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Submitted: June 03, 2022 | Approved: June 14, 2022 | Published: June 15, 2022

How to cite this article: Mushtaque I. Prevalence of PTSD symptoms in children: The cost of the inadequate mental health system in Pakistan. Arch Psychiatr Ment Health. 2022; 6: 029-031.

DOI: 10.29328/journal.apmh.1001040

Copyright License: © 2022 Mushtaque I. This is an open access article distributed under the Creative Commons Attribution License, which permits unrestricted use, distribution, and reproduction in any medium, provided the original work is properly cited.

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Prevalence of PTSD symptoms in children: The cost of the inadequate mental health system in Pakistan

Iqra Mushtaque*

Department of Psychology, Bahauddin Zakariya University, Bahadur Sub-Campus Layyah, Pakistan

*Address for Correspondence: Iqra Mushtaque, Department of Psychology, Bahauddin Zakariya University, Bahadur Sub-Campus Layyah, Pakistan, Email:

Post-Traumatic Stress Disorder (PTSD) is a disorder that affects not only military veterans but also the general public specifically children. They may replay the event and its aftermath, avoid talking about it, have low self-esteem, and be unable to develop meaningful connections. Mentally sick individuals in Pakistan frequently face an obstacle, as discussing mental health is taboo. Mentally ill people are publicly humiliated in Pakistan, and sufferers are occasionally referred to as “pagal.” Even parents ignore the symptoms of their children.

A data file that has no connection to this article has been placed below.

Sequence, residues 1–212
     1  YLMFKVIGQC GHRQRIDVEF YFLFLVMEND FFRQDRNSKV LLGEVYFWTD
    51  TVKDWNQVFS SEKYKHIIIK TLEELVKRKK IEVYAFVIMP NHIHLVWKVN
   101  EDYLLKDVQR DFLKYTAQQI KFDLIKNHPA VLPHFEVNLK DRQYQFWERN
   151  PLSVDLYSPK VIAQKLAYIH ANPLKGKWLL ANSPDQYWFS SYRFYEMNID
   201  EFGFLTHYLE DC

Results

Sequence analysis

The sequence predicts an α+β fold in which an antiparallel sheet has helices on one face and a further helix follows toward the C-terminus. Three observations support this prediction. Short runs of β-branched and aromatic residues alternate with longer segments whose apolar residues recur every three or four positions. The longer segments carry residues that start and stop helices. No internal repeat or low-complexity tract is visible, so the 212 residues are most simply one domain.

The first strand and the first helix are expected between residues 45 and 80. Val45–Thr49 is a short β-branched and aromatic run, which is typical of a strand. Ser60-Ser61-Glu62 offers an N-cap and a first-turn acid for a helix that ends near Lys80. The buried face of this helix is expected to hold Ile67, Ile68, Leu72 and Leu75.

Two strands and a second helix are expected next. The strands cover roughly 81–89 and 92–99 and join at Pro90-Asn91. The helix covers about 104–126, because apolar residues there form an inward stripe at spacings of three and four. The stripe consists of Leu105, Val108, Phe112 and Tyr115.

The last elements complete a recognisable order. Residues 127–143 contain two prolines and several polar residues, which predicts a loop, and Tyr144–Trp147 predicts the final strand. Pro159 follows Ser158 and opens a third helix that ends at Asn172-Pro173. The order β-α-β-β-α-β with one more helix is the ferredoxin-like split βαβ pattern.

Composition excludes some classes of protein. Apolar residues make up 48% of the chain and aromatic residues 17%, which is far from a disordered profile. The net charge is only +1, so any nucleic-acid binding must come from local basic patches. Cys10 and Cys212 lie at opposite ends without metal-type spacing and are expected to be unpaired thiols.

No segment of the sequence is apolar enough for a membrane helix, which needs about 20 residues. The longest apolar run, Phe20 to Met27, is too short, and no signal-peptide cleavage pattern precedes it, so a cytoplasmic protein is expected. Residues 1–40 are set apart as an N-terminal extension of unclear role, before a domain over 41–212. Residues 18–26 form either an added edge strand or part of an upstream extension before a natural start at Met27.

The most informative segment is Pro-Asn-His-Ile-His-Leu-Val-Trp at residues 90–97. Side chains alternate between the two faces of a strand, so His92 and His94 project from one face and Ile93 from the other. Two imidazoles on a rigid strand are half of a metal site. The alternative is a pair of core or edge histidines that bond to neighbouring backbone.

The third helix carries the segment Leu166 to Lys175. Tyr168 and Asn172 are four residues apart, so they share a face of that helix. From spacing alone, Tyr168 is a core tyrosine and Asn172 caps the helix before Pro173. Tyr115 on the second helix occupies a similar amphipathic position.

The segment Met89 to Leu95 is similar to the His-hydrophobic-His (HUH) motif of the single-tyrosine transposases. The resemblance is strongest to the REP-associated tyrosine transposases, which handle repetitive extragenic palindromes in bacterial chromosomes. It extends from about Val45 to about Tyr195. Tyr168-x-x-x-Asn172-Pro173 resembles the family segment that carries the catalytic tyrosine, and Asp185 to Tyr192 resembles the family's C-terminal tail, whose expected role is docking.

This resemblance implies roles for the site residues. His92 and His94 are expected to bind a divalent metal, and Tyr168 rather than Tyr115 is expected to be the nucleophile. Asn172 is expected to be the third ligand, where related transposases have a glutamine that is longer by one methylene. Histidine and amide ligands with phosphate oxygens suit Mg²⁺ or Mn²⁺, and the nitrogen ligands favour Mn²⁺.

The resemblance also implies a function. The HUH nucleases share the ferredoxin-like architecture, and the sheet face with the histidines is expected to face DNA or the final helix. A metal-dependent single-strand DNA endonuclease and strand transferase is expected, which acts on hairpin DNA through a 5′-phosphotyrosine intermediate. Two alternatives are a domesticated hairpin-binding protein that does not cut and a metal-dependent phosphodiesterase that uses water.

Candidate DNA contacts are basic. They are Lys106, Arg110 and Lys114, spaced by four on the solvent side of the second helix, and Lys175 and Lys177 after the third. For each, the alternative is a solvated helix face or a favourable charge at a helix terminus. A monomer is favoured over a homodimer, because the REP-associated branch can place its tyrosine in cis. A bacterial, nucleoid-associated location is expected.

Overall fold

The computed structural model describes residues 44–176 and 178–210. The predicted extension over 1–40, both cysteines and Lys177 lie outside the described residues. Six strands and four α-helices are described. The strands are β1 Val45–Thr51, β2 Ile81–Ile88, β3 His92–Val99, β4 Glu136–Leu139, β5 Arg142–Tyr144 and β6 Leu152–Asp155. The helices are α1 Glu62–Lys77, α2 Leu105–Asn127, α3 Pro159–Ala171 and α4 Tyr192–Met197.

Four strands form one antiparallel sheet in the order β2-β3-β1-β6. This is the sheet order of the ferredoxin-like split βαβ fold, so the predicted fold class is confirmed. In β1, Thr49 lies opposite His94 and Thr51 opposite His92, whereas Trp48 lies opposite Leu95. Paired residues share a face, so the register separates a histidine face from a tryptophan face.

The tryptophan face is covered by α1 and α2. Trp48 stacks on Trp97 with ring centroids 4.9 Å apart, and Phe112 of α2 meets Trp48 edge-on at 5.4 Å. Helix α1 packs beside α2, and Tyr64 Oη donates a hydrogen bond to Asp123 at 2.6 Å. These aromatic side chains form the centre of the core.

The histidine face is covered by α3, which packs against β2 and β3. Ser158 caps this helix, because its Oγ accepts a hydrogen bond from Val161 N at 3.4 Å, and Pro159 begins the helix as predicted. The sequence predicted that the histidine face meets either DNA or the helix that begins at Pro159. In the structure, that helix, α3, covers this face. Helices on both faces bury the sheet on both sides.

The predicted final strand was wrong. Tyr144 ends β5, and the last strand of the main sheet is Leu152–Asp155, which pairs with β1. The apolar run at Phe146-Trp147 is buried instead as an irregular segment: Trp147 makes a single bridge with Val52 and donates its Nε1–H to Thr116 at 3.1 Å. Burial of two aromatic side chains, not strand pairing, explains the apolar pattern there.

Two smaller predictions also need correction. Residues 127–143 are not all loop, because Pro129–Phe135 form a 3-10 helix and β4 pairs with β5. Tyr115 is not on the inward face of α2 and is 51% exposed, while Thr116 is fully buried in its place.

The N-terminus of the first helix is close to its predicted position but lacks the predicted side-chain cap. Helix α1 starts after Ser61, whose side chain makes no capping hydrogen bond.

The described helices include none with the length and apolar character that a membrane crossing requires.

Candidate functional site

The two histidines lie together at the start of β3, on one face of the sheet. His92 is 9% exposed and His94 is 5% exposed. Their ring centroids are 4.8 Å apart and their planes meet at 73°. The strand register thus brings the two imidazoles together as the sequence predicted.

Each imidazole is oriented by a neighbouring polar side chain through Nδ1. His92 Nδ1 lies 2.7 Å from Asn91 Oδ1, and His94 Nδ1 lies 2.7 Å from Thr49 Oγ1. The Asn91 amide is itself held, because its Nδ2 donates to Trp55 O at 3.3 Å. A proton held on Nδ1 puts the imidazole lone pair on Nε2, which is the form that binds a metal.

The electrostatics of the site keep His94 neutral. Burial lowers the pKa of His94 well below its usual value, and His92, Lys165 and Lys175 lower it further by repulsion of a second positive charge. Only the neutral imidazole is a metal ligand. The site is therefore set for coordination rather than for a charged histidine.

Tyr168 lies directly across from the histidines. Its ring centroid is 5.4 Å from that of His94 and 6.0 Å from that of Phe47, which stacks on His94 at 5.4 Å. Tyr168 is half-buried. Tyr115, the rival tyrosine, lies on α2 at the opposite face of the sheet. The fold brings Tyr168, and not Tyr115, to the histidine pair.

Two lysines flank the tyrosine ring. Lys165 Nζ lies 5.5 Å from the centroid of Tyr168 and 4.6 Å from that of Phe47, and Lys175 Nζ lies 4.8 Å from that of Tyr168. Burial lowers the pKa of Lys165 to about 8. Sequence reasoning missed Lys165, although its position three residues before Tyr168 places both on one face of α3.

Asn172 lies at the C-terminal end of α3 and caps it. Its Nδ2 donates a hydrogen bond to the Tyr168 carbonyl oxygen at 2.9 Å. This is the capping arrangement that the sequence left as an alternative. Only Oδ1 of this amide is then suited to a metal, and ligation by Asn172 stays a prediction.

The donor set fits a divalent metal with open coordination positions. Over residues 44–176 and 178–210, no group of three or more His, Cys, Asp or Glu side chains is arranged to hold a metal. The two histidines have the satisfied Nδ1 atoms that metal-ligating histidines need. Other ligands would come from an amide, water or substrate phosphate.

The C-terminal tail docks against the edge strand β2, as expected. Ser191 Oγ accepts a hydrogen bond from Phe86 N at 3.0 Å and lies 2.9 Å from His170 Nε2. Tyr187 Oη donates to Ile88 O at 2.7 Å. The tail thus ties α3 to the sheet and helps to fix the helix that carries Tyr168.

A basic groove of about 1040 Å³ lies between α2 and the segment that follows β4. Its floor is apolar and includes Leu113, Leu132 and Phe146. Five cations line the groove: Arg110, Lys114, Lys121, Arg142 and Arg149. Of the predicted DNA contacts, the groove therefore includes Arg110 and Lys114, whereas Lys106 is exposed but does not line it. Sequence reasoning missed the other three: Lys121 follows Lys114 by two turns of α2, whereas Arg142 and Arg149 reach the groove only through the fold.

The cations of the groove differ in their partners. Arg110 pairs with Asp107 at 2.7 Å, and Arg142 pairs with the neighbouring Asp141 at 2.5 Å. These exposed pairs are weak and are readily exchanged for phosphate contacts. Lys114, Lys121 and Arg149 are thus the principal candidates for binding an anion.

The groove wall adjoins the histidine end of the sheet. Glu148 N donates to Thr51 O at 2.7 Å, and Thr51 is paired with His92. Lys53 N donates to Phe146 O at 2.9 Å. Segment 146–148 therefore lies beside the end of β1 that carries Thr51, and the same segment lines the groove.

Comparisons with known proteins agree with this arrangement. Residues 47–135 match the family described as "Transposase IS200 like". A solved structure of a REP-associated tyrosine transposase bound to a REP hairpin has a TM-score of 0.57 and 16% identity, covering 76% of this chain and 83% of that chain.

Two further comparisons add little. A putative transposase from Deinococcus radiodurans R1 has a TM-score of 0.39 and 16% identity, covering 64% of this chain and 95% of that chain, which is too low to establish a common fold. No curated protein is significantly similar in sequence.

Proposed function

When a person’s life or safety is in jeopardy, Post-Traumatic Stress Disorder (PTSD) develops. Some of the symptoms of PTSD include nightmares, repeating the experience, being tense and concerned, being easily frightened, and being jumpy. Although not everyone develops PTSD after witnessing a traumatic event, many people struggle to return to their normal routines. Most people heal with time and assistance. Affected people suffer from anxiety, nightmares, and sleeplessness that intensify over time and interfere with daily activities [1].

Prevalence of PTSD in Pakistan